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MOSCOW, November 6 (Itar-Tass) —— Russian Muslims are celebrating the Festival of Sacrifice, which is called Kurban Bairam by Russian and Central Asian Muslims, on Sunday.
Islam is Russia’s second religion in terms of the number of believers. Islam was brought to Russia back in the 8th century by Arabic tribes.
Now, there are more than 20 million Muslims in Russia. Islamic population prevails in such republics as Tatarstan, Bashkortostan, Dagestan, Chechnya, Ingushetia, Kabardino-Balkaria, Karachay-Cherkessia, and North Ossetia. There are more than one million Muslims residing in Moscow. Some 7,500 mosques are open across Russia.
Muslim population in the countries of the Commonwealth of Independent States numbers about 70 million, or about a fourth of the entire CIS population. About 70 percent of Kazakhstan’s population of 15 million are Muslims. Some four million Islam believers live in Kyrgyzstan. Muslims account for 90 percent of Turkmenistan’s population of about 6.7 million, and 98 percent of Tajikistan’s population of 6.4 million. About 20 million of Uzbekistan’s 26 million citizens profess Islam. In Azerbaijan, also a Muslim state, Kurban Bairan has been a state holiday for the past ten years.
Islam is one of the world’s three major religions, along with Christianity and Buddhism. It originated in the 7th century in Western Arabia. More than 1.5 billion people across the globe profess Islam. It is a state religion in almost all countries with prevailing Muslim population.
The Festival of Sacrifice is a three-day holiday in commemoration of Prophet Ibrahim's readiness to sacrifice his first born son Ishmael on Allah's orders. The history of Kurban Bairam takes its origin from the biblical story of Patriarch Abraham who wanted to offer his son Isaac to God in sacrifice. The Muslim tradition substitutes the biblical “Isaac” with “Ismail,” Abraham’s elder son. According to the Muslim beliefs, Isaac is considered to be Abraham’s younger son.
Kurban Bairan comes the day after the pilgrims on Hajj, the annual pilgrimage of Muslims to Mecca in Saudi Arabia, descend from Mount Arafat. The Festival of Sacrifice is celebrated on the 10th day of Zul-Hijjah, the 12th month of the Muslim lunar calendar, in the period of hajj, the sacred journey to Mecca, the home town of Islam’s founder Prophet Muhammad. Some two million Muslims make a hajj to Saudi Arabia annually.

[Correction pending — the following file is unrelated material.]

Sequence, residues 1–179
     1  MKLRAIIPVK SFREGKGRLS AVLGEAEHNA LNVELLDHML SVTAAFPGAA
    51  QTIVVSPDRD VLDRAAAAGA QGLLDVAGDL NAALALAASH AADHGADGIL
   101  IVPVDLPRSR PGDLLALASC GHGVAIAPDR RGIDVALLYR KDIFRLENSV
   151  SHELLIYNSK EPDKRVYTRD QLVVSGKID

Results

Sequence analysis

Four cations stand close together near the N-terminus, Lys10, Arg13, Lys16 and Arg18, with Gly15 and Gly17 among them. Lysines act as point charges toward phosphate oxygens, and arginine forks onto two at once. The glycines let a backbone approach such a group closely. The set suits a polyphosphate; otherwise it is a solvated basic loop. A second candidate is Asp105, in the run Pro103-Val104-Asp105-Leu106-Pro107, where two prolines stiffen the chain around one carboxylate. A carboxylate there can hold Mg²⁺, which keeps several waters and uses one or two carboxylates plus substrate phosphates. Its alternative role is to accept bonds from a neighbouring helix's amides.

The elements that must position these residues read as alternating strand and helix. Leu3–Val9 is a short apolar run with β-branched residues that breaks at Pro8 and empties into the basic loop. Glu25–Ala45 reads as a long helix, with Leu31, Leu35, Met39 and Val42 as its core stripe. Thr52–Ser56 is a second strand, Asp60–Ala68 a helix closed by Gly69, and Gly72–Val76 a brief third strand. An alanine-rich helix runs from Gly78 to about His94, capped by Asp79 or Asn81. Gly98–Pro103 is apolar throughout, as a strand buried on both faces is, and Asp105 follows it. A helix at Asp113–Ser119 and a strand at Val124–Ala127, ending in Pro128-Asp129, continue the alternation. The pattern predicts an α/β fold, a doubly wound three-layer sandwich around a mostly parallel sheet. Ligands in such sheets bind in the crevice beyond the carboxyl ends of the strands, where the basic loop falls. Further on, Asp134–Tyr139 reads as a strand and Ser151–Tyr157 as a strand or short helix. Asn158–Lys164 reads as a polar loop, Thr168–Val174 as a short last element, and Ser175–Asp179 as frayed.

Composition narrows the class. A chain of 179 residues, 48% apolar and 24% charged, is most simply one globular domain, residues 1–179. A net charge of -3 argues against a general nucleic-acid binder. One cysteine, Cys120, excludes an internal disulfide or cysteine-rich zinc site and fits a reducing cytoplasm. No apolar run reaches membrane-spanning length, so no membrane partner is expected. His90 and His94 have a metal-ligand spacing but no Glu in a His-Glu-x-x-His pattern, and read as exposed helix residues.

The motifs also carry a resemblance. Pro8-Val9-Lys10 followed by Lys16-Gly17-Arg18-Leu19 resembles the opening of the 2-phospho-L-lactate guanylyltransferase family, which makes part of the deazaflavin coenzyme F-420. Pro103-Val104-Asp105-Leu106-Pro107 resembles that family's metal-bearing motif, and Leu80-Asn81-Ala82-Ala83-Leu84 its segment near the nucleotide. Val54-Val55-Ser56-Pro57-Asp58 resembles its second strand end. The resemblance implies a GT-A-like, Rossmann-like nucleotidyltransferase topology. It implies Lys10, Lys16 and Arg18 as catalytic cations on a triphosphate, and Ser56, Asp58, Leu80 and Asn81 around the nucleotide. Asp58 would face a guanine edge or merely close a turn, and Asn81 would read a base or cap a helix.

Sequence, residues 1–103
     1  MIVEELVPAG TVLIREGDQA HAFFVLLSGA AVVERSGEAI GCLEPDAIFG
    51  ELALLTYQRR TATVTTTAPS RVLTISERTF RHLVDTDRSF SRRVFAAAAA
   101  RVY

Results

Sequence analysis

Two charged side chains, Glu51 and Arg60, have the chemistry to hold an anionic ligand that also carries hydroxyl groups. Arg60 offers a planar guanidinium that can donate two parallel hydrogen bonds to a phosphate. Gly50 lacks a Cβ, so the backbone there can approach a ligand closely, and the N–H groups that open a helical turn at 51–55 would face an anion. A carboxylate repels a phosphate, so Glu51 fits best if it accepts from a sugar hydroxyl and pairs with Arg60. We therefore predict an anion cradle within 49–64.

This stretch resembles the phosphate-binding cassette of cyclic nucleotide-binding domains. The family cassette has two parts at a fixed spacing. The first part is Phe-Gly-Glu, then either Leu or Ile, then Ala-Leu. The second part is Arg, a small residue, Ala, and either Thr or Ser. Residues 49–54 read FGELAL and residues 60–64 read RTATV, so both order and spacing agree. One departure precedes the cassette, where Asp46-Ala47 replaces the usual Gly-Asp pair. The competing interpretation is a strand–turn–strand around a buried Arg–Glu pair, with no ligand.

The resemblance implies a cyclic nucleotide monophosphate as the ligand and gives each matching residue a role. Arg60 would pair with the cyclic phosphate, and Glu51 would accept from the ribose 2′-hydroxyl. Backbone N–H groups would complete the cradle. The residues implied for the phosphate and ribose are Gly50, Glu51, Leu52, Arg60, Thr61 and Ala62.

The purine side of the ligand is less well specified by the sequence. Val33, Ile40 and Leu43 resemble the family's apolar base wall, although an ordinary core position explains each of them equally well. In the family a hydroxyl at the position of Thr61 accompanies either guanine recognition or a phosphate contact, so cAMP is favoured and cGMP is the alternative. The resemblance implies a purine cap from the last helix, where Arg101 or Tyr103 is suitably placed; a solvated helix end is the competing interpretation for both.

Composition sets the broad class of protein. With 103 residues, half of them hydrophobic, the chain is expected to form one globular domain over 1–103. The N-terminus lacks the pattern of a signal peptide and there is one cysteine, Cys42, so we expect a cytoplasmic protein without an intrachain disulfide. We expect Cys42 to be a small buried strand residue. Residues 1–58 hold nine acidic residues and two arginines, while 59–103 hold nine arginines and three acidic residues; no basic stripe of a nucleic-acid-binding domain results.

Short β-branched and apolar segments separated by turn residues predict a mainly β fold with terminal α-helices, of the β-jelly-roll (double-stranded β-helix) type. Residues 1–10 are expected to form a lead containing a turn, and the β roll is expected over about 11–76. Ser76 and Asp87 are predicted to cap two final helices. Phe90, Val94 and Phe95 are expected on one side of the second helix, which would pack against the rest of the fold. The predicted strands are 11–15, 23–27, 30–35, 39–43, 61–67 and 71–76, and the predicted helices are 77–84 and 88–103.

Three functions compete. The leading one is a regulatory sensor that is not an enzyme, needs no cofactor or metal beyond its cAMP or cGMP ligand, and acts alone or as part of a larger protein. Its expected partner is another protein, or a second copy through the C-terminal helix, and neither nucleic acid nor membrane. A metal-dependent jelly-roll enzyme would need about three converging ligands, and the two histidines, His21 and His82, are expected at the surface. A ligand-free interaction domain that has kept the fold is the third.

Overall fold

The celebration of the Festival of Sacrifice begins early. After washing themselves and putting on clean clothes, Muslims have a collective prayer at mosques. They read the Koran and listen to Imams’ sermons, which tell them about the origin and the significance of the ritual of oblation.
After the prayer, they perform the ritual of sacrifice. First, a prayer is said over the animal prepared for sacrifice. Next, the sheep is laid on the ground with its head towards Mecca and its owner, or a hired hand, cuts the victim’s throat.
Those Muslims who can afford sacrifice their best domestic animals (usually a cow, but can also be a camel, goat, sheep or ram depending on the region). The sacrificed animals have to meet certain age and quality standards or else the animal is considered an unacceptable sacrifice. The meat from the sacrificed animal is divided into three parts. The family retains one third of the share; another third is given to relatives, friends and neighbors; and the other third is given to the poor and needy. The regular charitable practices of the Muslim community are demonstrated during Eid al-Adha by concerted efforts to see that no impoverished person is left without an opportunity to partake in the sacrificial meal during these days.